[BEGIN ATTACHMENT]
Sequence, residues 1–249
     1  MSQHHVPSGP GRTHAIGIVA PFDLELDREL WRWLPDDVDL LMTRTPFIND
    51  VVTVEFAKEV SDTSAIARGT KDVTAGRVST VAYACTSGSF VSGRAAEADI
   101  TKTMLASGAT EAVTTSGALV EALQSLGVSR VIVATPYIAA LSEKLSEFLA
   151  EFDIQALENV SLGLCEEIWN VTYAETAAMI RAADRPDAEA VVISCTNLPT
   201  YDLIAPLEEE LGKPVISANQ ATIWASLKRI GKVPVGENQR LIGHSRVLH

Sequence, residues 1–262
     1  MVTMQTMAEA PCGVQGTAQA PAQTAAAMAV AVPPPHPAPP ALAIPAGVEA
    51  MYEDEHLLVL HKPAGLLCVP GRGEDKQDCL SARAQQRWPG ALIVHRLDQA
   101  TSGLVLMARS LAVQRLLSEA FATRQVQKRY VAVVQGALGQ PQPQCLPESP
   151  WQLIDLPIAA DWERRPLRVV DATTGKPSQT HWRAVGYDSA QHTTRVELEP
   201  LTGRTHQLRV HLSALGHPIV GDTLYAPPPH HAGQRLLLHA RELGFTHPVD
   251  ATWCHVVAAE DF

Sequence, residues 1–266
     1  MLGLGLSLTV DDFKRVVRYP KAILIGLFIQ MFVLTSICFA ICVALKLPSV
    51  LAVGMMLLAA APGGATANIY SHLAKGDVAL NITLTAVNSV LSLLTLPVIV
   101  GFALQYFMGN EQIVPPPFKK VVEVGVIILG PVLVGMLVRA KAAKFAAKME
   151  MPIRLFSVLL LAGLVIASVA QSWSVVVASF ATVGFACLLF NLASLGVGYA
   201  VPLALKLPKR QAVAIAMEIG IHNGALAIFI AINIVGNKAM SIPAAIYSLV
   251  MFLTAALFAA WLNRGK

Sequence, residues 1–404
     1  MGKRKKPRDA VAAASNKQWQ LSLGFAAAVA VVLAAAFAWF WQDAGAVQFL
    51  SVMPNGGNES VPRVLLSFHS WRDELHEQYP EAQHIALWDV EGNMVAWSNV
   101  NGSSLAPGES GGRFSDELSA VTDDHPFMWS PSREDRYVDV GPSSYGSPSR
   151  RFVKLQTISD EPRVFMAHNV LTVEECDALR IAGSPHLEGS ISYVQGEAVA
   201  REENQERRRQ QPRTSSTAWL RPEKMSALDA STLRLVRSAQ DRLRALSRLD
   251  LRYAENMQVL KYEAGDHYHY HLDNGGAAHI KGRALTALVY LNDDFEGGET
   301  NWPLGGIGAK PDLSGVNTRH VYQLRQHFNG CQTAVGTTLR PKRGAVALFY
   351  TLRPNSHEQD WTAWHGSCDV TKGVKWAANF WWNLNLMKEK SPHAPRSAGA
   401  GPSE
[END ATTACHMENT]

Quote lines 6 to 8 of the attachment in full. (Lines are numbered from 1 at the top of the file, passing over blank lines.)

   201  YDLIAPLEEE LGKPVISANQ ATIWASLKRI GKVPVGENQR LIGHSRVLH

Sequence, residues 1–262
     1  MVTMQTMAEA PCGVQGTAQA PAQTAAAMAV AVPPPHPAPP ALAIPAGVEA